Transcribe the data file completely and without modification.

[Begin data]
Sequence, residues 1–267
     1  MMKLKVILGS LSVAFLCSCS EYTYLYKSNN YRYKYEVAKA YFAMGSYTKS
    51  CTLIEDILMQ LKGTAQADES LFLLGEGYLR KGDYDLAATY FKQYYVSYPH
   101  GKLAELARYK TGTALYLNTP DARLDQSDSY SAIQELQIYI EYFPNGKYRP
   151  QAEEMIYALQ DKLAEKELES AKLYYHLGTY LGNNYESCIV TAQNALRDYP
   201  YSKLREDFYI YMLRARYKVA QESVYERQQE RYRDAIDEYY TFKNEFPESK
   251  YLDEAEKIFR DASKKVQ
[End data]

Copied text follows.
Sequence, residues 1–267
     1  MMKLKVILGS LSVAFLCSCS EYTYLYKSNN YRYKYEVAKA YFAMGSYTKS
    51  CTLIEDILMQ LKGTAQADES LFLLGEGYLR KGDYDLAATY FKQYYVSYPH
   101  GKLAELARYK TGTALYLNTP DARLDQSDSY SAIQELQIYI EYFPNGKYRP
   151  QAEEMIYALQ DKLAEKELES AKLYYHLGTY LGNNYESCIV TAQNALRDYP
   201  YSKLREDFYI YMLRARYKVA QESVYERQQE RYRDAIDEYY TFKNEFPESK
   251  YLDEAEKIFR DASKKVQ